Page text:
​​​Located in the Mediterranean Sea between continental Europe and northern Africa, Malta and its coastal waters are home to a large number of historical shipwrecks, making it an ideal setting to study marine archeology.

A group of students and faculty from Cal Poly San Luis Obispo and Harvey Mudd College spent their summer on the island nation, deploying underwater robots to map and visualize coastal shipwrecks.

The collaborative effort between the California universities and the University of Malta is part of the International Computer Engineering Experience (ICEX), and brought the archaeology, computer science and engineering experts together to create more intelligent ways to search, map and visualize shipwrecks.

The team consisted of three Cal Poly computer science students and three Harvey Mudd engineering students joined by Cal Poly Associate Computer Science Professor Zoë Wood and Harvey Mudd Engineering Professor Christopher Clark.

Thanks to NSF funding, the project will continue long after the trip to Malta—perhaps leading to the next technology used to map underwater objects.

"Through doing all of these things I gained a better appreciation for each part and a greater appreciation for what other members of my team and other researchers do," said Cal Poly student Sebastian Seibert von Fock. "I also learned how to work in a larger group to do something as amazing as visualizing underwater ship and plane wrecks and mapping totally unknown cisterns and wells (I felt like an explorer!).”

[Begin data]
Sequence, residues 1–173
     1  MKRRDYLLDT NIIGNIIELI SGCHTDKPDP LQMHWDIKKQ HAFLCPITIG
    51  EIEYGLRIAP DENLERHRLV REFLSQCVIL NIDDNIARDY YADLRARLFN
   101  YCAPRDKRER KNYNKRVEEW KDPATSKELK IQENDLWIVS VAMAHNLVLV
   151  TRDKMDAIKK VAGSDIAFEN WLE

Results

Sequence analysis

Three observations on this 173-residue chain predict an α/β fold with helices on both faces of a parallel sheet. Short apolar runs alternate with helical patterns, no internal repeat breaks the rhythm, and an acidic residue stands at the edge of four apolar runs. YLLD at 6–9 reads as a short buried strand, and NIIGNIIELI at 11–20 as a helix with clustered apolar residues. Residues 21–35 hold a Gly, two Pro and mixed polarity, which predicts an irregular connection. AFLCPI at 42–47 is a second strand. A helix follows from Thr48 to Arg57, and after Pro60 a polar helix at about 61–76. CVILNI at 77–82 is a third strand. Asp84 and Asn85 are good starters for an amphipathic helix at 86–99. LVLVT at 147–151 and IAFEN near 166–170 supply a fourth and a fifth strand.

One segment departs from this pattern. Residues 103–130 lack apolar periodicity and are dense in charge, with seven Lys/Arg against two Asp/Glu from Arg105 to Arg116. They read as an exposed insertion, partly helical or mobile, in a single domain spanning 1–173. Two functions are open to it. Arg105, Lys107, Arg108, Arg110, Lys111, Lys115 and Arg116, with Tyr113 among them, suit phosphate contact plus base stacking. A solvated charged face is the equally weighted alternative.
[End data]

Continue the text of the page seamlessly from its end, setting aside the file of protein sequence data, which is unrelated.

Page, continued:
These type of interdisciplinary projects give CSU students hands-on research experience, which is linked to increased student success. They also put students in a setting where they must work with a team of peers and mentors that have different educational and professional backgrounds—something they are likely to experience in the real world after graduation.

Professor Wood is co-leading a similar research effort with CSU Long Beach Biology Professor and renowned shark expert Chris Lowe. The project is bringing together student engineers and biologists from Cal Poly and CSU Long Beach to develop an underwater robot to track the migration patterns of sharks and fish in order to better protect species. An expansion on this ongoing project was recently funded by the CSU’s Council on Ocean Affairs, Science & Technology (COAST). The grant will be used to expand the current work into a multi-disciplinary project between robotics, biology and computer graphics students and faculty to enhance the study.